While online shopping is “fantastic” in that it gives Kiwis access to a wider range of products and services, Riviere says fraudsters are becoming more sophisticated in how they operate.
“Don’t give details to parties you don’t recognise, and check your transactions regularly,” she advises. “And if you think you’ve been scammed, get in touch with your bank and change your password as soon as possible.”
The Domain Name Commission’s ShopSafeNZ campaign aims to raise awareness of fake webshops during the Christmas shopping period. Commissioner Brent Carey has three top tips for online shoppers. First, check the validity of the website via the internet’s archive known as the Wayback Machine. If the website’s homepage vastly differs over time, that can be a warning sign.
Second, look at whether the domain name matches the service or product for sale. For example, why would “Maria’s Christmas Deli” be selling sunglasses?
Finally, search the domain name at dnc.org.nz and check for red flags in the registrant’s personal information fields (especially discrepancies between where a website says it’s based and the country listed).
Before spending up large, Privacy Commissioner John Edwards encourages Kiwis to check the accuracy of their credit records. (There are three main credit reporting companies in New Zealand: Centrix, Equifax and Illion.)
SHARE LESS, STRESS LESS
Edwards’ second point is simple but often hard to follow, especially when we’re wanting to share Christmas celebrations: “Think before you post. About yourself and others. Yes, it might be funny, but would you want it shared online if it was about you?”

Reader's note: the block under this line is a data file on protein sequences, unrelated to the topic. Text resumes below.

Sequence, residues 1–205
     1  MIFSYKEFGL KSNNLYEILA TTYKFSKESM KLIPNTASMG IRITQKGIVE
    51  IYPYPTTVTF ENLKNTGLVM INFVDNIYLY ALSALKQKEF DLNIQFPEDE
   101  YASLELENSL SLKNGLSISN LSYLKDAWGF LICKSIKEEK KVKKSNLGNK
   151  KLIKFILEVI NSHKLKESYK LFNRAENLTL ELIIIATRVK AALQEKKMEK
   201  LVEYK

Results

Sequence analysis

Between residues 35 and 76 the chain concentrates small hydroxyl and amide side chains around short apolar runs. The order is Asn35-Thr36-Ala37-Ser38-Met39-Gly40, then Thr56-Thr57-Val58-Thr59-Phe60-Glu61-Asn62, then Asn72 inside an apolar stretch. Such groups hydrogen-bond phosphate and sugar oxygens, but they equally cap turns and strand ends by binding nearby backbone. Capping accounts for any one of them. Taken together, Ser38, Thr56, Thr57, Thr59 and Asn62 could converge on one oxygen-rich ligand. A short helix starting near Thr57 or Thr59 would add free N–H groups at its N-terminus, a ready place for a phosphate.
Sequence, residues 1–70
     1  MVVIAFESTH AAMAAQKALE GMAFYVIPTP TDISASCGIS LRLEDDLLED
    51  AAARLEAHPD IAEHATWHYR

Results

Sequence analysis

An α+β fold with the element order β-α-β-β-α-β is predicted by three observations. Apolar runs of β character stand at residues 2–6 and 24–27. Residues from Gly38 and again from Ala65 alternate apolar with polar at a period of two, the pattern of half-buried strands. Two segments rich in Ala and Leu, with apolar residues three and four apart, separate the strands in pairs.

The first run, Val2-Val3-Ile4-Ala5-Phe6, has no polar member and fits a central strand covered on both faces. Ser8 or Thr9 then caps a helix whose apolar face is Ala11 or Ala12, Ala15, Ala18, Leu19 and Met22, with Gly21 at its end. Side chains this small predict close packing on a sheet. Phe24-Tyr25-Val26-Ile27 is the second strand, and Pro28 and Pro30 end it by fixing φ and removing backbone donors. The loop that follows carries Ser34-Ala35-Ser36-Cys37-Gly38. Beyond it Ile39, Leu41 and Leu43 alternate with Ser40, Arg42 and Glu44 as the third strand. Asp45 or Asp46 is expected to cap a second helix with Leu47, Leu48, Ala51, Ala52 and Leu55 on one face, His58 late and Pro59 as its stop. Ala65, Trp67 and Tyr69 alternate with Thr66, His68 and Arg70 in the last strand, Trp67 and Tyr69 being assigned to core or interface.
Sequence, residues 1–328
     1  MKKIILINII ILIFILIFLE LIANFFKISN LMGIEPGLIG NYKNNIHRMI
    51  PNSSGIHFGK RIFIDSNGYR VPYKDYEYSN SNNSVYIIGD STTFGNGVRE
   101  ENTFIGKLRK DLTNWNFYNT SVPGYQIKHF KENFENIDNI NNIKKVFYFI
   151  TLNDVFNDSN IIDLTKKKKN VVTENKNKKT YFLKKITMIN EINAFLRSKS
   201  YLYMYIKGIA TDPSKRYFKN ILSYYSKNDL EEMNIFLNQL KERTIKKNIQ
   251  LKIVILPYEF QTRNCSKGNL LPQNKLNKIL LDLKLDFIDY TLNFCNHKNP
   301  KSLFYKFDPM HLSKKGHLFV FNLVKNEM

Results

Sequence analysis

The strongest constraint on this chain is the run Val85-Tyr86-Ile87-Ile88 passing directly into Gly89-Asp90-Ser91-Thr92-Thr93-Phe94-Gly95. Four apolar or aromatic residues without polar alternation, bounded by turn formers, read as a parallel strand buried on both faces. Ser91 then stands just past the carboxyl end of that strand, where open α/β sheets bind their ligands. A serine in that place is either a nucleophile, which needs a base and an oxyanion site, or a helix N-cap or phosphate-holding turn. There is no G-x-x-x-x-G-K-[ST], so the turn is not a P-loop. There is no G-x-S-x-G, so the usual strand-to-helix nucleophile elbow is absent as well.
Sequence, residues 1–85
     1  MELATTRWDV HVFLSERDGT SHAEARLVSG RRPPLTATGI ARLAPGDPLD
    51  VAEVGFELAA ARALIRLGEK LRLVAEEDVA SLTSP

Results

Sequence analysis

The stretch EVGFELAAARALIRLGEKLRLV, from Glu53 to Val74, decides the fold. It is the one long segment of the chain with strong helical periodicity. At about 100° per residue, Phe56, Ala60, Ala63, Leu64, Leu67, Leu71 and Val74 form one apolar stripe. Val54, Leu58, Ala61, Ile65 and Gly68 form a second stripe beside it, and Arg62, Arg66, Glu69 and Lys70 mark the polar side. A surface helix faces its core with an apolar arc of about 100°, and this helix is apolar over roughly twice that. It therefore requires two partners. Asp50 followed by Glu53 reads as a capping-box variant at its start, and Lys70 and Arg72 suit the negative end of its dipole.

The holidays are also a good time to educate children about appropriate use of social media, says Department of Internal Affairs digital safety director Jolene Armadoros. “The internet brings a lot of benefit, but there are also risks. Taking responsibility for your child’s online activity can help minimise these risks and ensure your kids have positive online experiences.”
Set boundaries for children and make a plan so they know what to do if something goes wrong.
“The best way to ensure your children are having positive online experiences is to stay in touch with what they’re doing. Spend time with your children while they’re online, have them show you what they do and ask them to teach you how to access the services.”
As for Viles’ top tip for safer online behaviour? Stop taking so many selfies. A quick outfit snap before heading out can reveal more than intended through background details such as certificates on walls, mail on tables, even clothing brands and sizes.
“That can give you a little bit of information about where they’ve been and what they do. You’re just heightening the chances that someone’s going to build a relationship with you that you have no relationship with.”
TELL SCAMS TO SCRAM
Scams abound at this time of year. As with shopping online, stick with reputable websites when booking holidays, NetSafe says. And use payment systems rather than paying individuals directly on sites such as Airbnb.
Scammers take advantage of the season of giving by misusing legitimate charities’ names or by creating bogus ones. To make sure your money is going to a real charity, check it’s listed in the Charities Register.
NetSafe also recommends telling your friends and family of your holiday plans (privately, of course) so they’re not at risk of falling for “I’m stuck in Egypt please send money” social media scams.
And any offer that seems too good to be true, probably is.